Report: Global grid storage hits 1 GWh milestone for 2015
- Global grid storage crossed the 1 GWh mark for 2015, hitting 1,090 MWh and bringing the cumulative total of installations to 1,788 MW and 3,460 MWh as of October 2015, according to the quarterly update of Lux Research’s Grid Storage Tracker.
- Since 2011, the global grid storage market has been growing at a combined annual rate of 33% as rated by power capacity and 20% as rated by energy capacity, PV-Tech Storage reports.
- In that same timeframe, the market for Lithium-ion (Li-ion) batteries has grown even faster than the wider storage market, with combined annual growth rates of 48% for power capacity and 62% for energy capacity for the technology.
So far this year, the grid storage market has more than doubled from the totals booked in 2014, even though not all of the 1,090 MWh installed in 2015 will be commissioned this year.
In terms of technology, much of the recent growth in the storage market has been dominated by the increasing market penetration of Li-ion batteries. Stationary Li-ion applications have grown sharply, but that growth is dwarfed by the growth of Li-ion batteries for electric vehicles. Plug-in and hybrid vehicles accounted for 2.3 GWh of Li-ion batteries in second-quarter 2015, according to Lux Research’s Automotive Battery Tracker.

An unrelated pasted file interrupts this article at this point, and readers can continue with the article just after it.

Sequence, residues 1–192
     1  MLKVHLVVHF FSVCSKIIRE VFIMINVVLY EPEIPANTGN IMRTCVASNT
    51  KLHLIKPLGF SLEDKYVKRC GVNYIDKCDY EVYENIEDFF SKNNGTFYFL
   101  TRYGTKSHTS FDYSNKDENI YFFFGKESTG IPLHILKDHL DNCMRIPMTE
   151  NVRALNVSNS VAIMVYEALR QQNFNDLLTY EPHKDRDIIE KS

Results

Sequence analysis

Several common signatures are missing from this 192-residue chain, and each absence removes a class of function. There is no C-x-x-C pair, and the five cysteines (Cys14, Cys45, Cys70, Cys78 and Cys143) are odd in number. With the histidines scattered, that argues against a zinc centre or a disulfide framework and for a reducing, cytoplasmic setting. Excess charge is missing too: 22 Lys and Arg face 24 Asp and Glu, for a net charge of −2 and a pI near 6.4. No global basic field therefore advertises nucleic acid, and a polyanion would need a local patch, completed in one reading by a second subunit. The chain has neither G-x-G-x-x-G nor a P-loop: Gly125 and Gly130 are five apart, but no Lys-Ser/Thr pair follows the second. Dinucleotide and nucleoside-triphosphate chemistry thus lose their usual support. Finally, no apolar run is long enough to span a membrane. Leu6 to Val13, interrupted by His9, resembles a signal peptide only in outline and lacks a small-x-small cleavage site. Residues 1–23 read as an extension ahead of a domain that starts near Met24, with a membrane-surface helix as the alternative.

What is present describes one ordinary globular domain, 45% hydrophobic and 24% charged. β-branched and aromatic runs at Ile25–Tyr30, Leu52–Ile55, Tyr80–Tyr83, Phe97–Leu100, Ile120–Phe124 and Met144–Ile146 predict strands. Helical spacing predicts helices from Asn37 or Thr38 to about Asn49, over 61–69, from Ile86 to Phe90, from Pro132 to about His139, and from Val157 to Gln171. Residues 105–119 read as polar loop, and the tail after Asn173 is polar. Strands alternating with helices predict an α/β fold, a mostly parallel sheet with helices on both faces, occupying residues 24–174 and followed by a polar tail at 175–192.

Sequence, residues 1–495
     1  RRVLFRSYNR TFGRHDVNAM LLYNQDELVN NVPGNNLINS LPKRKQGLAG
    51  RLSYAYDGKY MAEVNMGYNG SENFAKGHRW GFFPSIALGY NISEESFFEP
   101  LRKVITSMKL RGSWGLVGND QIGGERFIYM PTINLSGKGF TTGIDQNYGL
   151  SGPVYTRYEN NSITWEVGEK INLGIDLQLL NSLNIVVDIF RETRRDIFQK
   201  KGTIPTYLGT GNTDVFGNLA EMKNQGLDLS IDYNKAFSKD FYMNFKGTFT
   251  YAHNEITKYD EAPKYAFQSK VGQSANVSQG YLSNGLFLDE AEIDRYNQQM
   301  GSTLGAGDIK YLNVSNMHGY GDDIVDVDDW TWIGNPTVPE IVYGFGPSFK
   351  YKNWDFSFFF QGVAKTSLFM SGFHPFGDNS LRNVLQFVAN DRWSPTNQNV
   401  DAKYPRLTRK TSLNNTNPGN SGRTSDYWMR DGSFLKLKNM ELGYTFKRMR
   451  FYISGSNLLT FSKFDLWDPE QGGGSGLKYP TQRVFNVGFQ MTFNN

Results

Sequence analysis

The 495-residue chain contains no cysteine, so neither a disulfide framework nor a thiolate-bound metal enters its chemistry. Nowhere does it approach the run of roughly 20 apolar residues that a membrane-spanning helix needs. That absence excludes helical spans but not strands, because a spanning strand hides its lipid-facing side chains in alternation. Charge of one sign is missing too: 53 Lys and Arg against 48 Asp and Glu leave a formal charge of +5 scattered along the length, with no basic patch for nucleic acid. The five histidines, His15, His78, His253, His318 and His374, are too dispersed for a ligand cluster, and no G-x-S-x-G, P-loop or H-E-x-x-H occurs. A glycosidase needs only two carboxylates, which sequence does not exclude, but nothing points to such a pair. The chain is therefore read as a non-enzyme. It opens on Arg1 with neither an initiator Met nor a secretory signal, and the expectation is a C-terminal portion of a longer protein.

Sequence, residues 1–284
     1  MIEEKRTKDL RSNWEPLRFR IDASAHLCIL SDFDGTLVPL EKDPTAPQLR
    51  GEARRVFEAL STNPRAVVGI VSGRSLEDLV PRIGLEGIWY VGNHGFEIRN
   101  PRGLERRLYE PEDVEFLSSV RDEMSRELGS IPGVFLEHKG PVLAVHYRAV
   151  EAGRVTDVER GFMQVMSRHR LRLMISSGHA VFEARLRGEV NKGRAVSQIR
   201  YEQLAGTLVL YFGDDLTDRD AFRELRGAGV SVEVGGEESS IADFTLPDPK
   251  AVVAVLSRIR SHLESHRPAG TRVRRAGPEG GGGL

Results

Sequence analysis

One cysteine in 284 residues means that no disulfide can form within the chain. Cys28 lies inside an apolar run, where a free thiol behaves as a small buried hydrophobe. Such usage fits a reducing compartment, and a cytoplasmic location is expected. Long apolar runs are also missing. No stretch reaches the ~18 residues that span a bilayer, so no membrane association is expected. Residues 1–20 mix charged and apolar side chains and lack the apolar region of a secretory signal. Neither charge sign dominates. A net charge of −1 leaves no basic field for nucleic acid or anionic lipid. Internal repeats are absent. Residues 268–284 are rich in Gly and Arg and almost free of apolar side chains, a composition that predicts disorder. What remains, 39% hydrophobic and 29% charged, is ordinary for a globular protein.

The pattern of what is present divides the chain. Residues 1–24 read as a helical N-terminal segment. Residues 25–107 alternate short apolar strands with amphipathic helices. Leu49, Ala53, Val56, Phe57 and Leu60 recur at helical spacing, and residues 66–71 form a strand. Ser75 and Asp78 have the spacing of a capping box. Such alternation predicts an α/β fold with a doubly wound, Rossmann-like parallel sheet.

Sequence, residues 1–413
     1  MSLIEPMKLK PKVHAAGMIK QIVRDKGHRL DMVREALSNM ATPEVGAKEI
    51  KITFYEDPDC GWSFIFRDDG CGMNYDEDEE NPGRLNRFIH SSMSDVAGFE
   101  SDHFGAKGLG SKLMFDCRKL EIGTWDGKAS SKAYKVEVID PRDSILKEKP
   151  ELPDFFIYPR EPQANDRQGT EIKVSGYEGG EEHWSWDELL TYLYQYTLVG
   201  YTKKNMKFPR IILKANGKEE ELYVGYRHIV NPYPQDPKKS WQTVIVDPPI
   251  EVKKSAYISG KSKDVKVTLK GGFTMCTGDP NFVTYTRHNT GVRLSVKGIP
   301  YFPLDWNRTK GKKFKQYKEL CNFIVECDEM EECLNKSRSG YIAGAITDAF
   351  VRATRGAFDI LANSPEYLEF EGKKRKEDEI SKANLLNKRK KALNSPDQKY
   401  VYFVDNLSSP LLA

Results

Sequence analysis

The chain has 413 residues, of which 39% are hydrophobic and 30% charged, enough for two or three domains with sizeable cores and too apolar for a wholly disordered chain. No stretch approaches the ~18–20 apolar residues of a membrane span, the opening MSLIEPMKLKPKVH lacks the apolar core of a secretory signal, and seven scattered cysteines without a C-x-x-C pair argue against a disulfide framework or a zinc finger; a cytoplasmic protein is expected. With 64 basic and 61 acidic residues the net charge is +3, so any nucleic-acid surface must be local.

The success of Li-ion batteries is putting increasing pressure on developers of other technologies, such as flow batteries and molten salt applications, to improve their performance characteristics.
But while the growth numbers represent a high water mark for storage, many storage projects still face challenges when it comes to earning a profit. Addressing that challenge will require developers of storage projects to work with utilities and system operators on issues such as battery asset ownership, locational value, and virtual power plant capabilities.
Those factors will be among the driving factors in the growth of storage installations, but the market itself is also rapidly evolving.
Wholesale markets such as the PJM Interconnection have seen robust growth with 263 MW and 148 MWh of storage since 2011, but continued growth could be limited. PJM is reportedly evaluating putting a 300-MW cap on storage products. But new opportunities could emerge in the utility sector. For instance, NextEra Energy CEO Jim Robo has predicted that storage could replace peaking power plants in the U.S. after 2020.
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